And, really, not having a good day for a photo shoot means you are involved in the regular everyday business of living. Bill paying, working at home, laundry and cleaning, children, pets and cooking aren’t always conducive to magazine photo shoots — nor should they be. Photo shoots are staged. Life is more spontaneous and unpredictable — yes, messy. But you really can live in a way that is personally enjoyable to you, allows you to fully and comfortably live in your home AND be able to say your home is as pretty as a picture (minus a few stray socks here and there) no matter what your budget or limitations are. It is not about the money or where you shop, but rather the art of living with grace & beauty in ways that make sense.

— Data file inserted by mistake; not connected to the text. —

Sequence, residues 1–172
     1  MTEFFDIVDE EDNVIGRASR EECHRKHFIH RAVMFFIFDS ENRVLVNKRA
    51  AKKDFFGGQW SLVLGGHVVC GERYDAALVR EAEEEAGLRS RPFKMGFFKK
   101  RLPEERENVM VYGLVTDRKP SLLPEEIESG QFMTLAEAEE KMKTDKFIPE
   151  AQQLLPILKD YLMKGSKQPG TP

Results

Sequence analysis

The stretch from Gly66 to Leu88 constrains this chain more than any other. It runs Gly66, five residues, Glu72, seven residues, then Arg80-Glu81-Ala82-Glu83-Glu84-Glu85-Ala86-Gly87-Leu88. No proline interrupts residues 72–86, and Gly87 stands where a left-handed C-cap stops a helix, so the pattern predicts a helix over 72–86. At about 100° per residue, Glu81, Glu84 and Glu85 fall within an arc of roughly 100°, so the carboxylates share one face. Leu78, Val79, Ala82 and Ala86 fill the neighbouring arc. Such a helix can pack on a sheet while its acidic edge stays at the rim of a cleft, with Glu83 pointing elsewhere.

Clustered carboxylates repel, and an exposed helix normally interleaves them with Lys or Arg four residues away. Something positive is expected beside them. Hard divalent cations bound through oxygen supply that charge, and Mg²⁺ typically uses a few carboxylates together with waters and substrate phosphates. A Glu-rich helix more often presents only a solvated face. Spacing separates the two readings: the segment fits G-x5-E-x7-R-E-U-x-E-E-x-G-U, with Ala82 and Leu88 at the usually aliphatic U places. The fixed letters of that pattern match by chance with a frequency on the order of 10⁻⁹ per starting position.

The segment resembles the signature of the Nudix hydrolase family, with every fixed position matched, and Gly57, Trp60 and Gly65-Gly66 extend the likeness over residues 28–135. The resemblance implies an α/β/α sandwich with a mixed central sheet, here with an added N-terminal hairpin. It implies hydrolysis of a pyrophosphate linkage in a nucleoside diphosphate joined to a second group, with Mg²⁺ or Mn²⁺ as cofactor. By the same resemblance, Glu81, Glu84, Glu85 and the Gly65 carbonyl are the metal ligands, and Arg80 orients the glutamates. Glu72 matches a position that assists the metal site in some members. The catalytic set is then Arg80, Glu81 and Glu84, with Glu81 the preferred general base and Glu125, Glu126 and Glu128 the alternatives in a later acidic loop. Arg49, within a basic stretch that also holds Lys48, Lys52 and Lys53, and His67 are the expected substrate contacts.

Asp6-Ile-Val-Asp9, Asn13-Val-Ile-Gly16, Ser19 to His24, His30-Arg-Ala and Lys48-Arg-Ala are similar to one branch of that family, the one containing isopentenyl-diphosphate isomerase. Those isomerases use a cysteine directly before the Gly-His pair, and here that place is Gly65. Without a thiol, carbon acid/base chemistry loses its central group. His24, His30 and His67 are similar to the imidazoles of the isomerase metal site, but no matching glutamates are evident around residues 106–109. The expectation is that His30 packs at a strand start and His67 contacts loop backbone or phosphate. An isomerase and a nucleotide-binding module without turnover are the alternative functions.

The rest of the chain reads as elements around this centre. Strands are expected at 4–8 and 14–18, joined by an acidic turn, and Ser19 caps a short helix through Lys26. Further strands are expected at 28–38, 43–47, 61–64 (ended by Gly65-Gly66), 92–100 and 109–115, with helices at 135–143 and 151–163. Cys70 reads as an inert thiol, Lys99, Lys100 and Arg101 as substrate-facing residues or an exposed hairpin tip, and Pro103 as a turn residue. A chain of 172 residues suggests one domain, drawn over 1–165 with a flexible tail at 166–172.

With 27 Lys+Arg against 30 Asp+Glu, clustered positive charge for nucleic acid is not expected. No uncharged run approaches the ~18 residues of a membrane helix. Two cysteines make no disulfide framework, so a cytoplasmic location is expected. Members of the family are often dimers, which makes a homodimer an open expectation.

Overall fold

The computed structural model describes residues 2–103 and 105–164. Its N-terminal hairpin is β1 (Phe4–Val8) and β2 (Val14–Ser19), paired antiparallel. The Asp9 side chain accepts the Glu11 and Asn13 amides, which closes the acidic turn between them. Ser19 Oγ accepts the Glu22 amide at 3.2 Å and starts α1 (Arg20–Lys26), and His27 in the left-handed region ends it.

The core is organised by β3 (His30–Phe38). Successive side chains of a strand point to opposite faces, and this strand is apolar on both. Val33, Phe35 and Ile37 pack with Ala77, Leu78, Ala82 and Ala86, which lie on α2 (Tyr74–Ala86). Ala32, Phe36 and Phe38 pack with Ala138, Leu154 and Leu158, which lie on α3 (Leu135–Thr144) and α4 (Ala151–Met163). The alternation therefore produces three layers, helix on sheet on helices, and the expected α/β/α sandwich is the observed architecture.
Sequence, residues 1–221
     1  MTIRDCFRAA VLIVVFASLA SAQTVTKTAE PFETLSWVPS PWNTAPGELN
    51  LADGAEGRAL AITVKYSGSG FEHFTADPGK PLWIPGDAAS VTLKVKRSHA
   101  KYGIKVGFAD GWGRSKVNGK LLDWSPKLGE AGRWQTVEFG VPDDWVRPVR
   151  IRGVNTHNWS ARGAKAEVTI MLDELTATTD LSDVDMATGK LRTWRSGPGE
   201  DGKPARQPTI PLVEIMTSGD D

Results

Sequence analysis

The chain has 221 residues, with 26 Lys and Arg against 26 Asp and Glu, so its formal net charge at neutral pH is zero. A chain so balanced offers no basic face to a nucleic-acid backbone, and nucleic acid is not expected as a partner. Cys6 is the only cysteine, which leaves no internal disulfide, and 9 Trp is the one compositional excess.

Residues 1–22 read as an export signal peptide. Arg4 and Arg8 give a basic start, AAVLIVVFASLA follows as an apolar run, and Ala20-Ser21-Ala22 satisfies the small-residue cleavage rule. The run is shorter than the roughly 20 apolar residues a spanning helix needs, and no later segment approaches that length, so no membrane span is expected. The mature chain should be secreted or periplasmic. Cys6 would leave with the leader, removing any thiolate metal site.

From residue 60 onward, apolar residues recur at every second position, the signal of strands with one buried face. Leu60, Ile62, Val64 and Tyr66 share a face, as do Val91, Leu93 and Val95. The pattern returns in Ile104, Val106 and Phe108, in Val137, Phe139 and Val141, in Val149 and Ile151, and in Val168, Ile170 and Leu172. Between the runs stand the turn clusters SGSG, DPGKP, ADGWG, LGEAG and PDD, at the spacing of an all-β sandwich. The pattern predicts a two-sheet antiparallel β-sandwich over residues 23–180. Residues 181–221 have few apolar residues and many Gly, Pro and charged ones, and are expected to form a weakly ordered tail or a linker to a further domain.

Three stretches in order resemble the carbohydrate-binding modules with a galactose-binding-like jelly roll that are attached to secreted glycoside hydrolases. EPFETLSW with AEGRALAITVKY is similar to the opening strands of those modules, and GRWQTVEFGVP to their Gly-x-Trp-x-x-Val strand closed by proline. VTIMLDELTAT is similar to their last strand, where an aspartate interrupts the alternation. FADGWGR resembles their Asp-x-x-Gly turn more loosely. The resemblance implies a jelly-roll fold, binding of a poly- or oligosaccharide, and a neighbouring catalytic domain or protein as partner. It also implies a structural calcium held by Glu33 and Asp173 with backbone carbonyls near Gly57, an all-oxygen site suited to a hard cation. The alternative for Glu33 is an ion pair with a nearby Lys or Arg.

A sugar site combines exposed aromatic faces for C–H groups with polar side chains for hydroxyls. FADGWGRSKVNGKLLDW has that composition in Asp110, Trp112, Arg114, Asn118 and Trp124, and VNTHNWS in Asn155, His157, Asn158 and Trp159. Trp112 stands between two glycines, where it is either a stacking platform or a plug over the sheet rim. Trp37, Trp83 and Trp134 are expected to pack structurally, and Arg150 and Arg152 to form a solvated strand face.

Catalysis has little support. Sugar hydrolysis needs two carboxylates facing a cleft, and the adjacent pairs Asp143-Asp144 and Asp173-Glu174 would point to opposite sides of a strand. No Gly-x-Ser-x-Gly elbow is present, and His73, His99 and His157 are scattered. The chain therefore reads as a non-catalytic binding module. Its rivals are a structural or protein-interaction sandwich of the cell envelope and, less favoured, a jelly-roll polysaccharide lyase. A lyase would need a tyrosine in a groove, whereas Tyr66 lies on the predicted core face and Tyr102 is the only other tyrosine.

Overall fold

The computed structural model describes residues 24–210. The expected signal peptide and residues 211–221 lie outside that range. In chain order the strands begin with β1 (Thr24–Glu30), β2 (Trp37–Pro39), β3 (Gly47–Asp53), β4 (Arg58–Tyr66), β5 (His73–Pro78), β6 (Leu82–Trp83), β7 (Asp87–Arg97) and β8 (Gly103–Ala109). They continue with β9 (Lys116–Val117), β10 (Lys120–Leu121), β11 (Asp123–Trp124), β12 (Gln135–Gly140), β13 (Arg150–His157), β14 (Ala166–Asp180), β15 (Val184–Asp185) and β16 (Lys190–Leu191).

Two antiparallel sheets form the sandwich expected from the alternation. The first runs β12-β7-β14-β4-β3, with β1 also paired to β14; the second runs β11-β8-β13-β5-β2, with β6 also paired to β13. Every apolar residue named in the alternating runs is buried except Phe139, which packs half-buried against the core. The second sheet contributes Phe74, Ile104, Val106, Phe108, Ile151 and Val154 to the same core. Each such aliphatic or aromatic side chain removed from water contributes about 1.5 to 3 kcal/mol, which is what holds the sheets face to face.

I will share a few applicable tips with you to get you started in assessing your own journey towards a more authentically beautiful life in your home:

In general, always ask yourself “why am I buying this or why do I need this?” about everything you add to your home. If the answer is that you are trying to recreate someone else’s room or even subconsciously trying to impress someone (or yourself!) with what you have or where you bought it, STOP! That won’t make you happy for long. Don’t buy things unless they serve a needed purpose and because you either love it or will love it once you fix it up a bit. If you know you will never “get around to it,” don’t buy things that need more help than you are willing to give. Better an empty space than something ugly you will never get around to beautifying.